- Backup light.
- SRT kit. Absolutely imperative that you gear tape up the bits.
- Karabiners - the more the merrier! Have you ever seen someone with too many?
- Emergency whistle.
- 13mm spanner (open ended) for bolting. Preferably half-length. Attached with snoopy/krab and elastic/gear string to arm, wrist or harness.
- Dangly bag, large enough for:
- Spare batteries.
- Flapjack, fudge, chocolate bars, tube of condensed milk, etc.
- Water bottle.
- Survival bag (this could live in a pocket.)
- Small first aid kit
- Maybe your entire SRT kit too, if you're going through a tight section or have a long way to go before you get to the pitches.
- Thermal vest and leggings - could be essential. The caves are cold and there will be periods of waiting around and slow survey work.
- Extra gear attachment points on harness - e.g. Beast D-ring.
- Emergency knife (in case you are involved in a mid-rope rescue - but make sure you know what you're doing before you start slashing around!)
- Pulley. Indispensable if you ever have to haul people, and a great help even for tackle sacks.
- Spare gloves - you are very likely to trash a pair (or two) on expo
- gimp (cheapo plastic mac) - makes waiting around at pitchheads much less grim
- Euro adaptor for charger/gadgets (UK sockets available at base camp so no need for multiple ones)
- 12V charger (car cigarette-lighter plug) or 5V USB-based charger for the bivi
- Skyhooks - pair of, for clawing your way across blank walls when rigging.
- Camera, packaged in a waterproof, highly visible, indestructible, tiny, zero-mass box...
- Bolting kit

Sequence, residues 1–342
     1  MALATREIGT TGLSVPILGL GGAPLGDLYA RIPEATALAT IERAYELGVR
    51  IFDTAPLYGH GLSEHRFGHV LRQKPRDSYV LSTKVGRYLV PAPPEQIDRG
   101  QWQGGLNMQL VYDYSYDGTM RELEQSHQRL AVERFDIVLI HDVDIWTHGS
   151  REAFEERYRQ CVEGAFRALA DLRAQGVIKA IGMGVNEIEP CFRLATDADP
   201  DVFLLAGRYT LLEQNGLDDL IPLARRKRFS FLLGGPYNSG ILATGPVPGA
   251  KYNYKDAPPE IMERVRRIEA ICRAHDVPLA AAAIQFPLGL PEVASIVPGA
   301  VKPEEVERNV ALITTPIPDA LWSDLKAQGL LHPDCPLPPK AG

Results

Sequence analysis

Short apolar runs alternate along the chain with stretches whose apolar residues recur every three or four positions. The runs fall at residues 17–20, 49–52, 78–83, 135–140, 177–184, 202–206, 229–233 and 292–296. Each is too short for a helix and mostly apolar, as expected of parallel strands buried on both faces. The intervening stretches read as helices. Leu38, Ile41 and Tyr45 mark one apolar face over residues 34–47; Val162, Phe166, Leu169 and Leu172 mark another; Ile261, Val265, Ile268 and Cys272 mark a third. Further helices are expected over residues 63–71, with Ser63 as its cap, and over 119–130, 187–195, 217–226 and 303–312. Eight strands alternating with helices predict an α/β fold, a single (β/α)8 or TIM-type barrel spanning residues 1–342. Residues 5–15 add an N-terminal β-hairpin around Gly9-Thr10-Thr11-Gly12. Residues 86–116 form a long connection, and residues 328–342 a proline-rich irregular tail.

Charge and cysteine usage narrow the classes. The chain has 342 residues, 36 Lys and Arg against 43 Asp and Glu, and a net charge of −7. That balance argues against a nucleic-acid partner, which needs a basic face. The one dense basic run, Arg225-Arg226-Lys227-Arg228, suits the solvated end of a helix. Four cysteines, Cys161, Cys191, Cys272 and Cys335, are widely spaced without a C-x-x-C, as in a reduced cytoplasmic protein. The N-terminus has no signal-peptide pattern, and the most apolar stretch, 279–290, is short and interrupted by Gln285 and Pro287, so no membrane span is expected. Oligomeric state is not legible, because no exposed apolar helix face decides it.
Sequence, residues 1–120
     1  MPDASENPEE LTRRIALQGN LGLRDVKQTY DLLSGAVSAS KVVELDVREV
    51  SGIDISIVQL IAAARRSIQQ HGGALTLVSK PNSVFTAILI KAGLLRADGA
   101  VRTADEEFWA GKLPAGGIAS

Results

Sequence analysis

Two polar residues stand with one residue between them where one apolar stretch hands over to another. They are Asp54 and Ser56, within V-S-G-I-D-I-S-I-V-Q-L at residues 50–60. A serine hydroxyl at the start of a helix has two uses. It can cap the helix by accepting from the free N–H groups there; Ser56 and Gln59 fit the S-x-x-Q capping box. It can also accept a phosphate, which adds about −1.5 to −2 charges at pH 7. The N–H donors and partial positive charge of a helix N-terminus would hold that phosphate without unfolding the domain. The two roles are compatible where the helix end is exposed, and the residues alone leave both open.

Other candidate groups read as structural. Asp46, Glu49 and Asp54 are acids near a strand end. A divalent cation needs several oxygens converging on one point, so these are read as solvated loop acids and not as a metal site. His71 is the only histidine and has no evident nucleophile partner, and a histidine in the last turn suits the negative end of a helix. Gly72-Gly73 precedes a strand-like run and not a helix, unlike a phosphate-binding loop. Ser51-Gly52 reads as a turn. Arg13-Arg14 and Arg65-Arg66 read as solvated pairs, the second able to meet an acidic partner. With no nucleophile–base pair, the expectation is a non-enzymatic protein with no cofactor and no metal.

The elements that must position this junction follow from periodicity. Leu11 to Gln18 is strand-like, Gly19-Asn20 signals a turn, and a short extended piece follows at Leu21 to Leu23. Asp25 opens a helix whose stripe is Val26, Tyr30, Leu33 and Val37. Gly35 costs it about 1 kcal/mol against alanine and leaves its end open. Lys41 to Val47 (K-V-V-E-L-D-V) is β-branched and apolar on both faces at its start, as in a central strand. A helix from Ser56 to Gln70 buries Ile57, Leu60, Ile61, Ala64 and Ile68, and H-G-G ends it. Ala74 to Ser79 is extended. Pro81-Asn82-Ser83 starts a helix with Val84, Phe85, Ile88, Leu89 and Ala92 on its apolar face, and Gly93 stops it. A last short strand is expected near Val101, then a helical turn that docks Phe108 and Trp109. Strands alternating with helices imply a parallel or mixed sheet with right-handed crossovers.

- Ice gear - ice axe, crampons, ice boots, ice screws, etc - essential if you're tackling the icy areas of Eishöhle.
- Rucksack or pack frame. Make this a BIG one; don't make the same mistake as Aled by bringing a little 35 litre. 65 litres or more.
- Water bottle/bladder.
- Toiletries - toothbrush, toothpaste, soap etc.
- Flannel & towel.
- Glasses & spares if you need them.
- Contact lenses - get enough daily use-once ones. The upper caves are very dusty.
- Bivvy bag (very lightweight, non-breathable) - emergency shelter anywhere. The plateau can become unfriendly very quickly. Erin and Earl had to resort to bivvy bags when caught by a storm on the Hinter in 1999. You could use the one from your caving gear, or get a proper camping one too. (Warning - fancy ones can be ludicrously expensive!)
- Plastic bags/dry-bags - the secret to dry clothes/pit/gear is bags in bags, with spare bags to hand...
- Reserve supply of gear tape, in case you need to relabel anything.
- Money - although if you're a mean, awkward, skinflint you could get through Expo without spending anything, you will probably want to spend money on postcards, personal 'nice food' and tourist stuff on days off. Most people pay for the Expo shopping at some time; this will count as credit towards your Expo bill. There are cash dispensers in Bad Aussee.
- EHIC (European health insurance card).
- Food for the journey out.
- PVC oversuit owners: appropriate patching kit.
- Laptop/tablet - can be used for data entry/prospecting guide info/drawing up
- Camera/phone, plus your own USB charging cable.
- GPS - or good GPS app on your phone. For surface surveying and finding entrances.
- Walking pole(s) for walking across the plateau. Useful for balance when stepping across big holes. Most people seem to just use one as two get in the way on the scrambly bits.
- Cash for the journey (in Euros).
- Book to read on the journey. Base camp has a big box of books for when it rains there.
- Mending kit - glue, needle and thread or Speedy Stitcher.
- Spare stuff - check your jammers and descender and, if worn, bring a new one - lots of long, deep or muddy trips can quickly age your kit
Original by Earl Merson (1999); edited and updated David Loeffler (2003), Edvin, Duncan, OllyM (2008) and Wookey (2014) and Philip (2018)